A promotion with the Canadian Conference of Catholic Bishops (CCCB) looks to break down those distribution barriers.
“If you weren't related to the choir school or have any connection you probably wouldn't have known about us in terms of our recordings,” said Stephen Handrigan, director of the Toronto choir school. “Now we kind of have a national distribution.”
Until recently the recordings, produced entirely in-house, were only available at the choir school (66 Bond St.) or from the merchandise table erected at the location of their concerts.
But that's no longer the case thanks to the bishops.
“They actually contacted us,” Handrigan said, “and asked if we'd like to put our CDs in their catalog and on their website. That was attractive to us, to have an online presence.”
By tapping into the bishops' national network, the choir school is able to directly further fulfill their mission “to bring sacred music to the world, to parishes and people who otherwise wouldn't have heard us,” he added.
Rene Laprise, CCCB's media relations director, noted that "CCCB Publications is always proud to distribute and promote various products from several Church organizations, like the St. Michael’s Choir, that bring light to the Word of God and the pastoral works of the Church in our world today."
The other positive note, of course, is the revenue from sales.
“Some of the money goes back into future recordings so that that we are kind of a self-sustaining,” he said. “But also the revenue, we use it to help us on our annual tour. So the money gets used to subsidize … the tour and also to sustain the future of the recording process.”
Next year, students from Canada's only semi-private choir school will travel to Germany where they'll visit a number of choir schools.
“When we go to Germany we are visiting four choir schools where the boys will actually get in an environment where they are seeing other boys who the same things but in a different country,” he said, adding that the two-week trip would also include stopovers at churches and historical sites.
Previous school trips have included France, the Czech Republic and the Vatican where, in 2013, the Canadian choir performed live in St. Peter's Square for Pope Francis.
While these trips provide the school's students and accompanying staff with unforgettable memories, Handrigan said it is the annual Christmas concert at Massey Hall, held this year Dec. 3-4, which generates the most excitement in the school.
“We look forward to the Christmas concert because we can let our hair down a little bit, so to speak, and have a little more fun where in the cathedral that wouldn't be appropriate,” he said.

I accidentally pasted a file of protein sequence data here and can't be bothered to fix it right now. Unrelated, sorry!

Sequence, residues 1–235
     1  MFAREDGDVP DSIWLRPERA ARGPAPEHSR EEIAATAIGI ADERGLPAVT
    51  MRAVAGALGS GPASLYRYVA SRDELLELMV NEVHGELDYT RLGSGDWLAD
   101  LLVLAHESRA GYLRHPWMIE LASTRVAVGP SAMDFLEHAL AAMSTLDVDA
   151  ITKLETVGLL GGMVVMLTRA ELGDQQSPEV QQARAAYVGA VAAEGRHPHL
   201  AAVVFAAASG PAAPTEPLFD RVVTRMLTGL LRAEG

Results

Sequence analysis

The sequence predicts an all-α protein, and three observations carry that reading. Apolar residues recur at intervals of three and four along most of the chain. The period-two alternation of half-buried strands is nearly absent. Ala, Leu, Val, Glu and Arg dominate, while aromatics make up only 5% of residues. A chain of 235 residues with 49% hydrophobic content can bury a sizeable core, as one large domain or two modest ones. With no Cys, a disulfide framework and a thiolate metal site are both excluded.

The concert tradition began in 1939, two years after John Edward Ronan founded the then private school, at the Knights of Columbus Hall on Sherbourne St. It has been held at Massey Hall since 1965.
Similar to the CD partnership, the move to Massey was all about tapping into a wider audience.
“When we moved to Massey Hall it really was a Toronto Christmas tradition so we were reaching out,” said Handrigan. “Part of the experience of Massey Hall is evangelizing to the larger community because we primarily sing sacred music. We do sing some more secular holiday music but it still is primarily a sacred music concert.”
Handrigan said the Massey Hall concerts are a "big push for us with CD sales.”
“I can't tell you exactly how many we sell a year but sometimes it runs into the thousands.”
Last year to mark the 50th year at Massey Hall, a choir comprised of alumni took to the stage in a tribute to the brotherhood of choir boys created at St. Michael's.
Christian Umipig, a Grade 12 student who composed some original music for this year's concert, said the addition of alumni into the annual event helps strengthen the sense of fraternity among current students.
“(When) we are all in the concert hall singing together it is really a magical feeling because you're with all of these guys and it is like a brotherhood,” he said.
Some of the more well-known school alumni are late Michael Burgess, Kevin Hearn of Barenaked Ladies and Matt Dusk, who performed at this year's event with the massive choir containing students from Grade 3 to 12.
Umipig, 17, said he's also a fan of the school's CDs.
“It lets us leave our mark really,” he said. “I know listening to old CDs by all these older generations, it is an interesting feeling knowing that we ourselves are going to record CDs, too.”
(St. Michael's CDs, starting at $15, are available from the CCCB's 2016-17 Catalogue at cccbpublications.ca)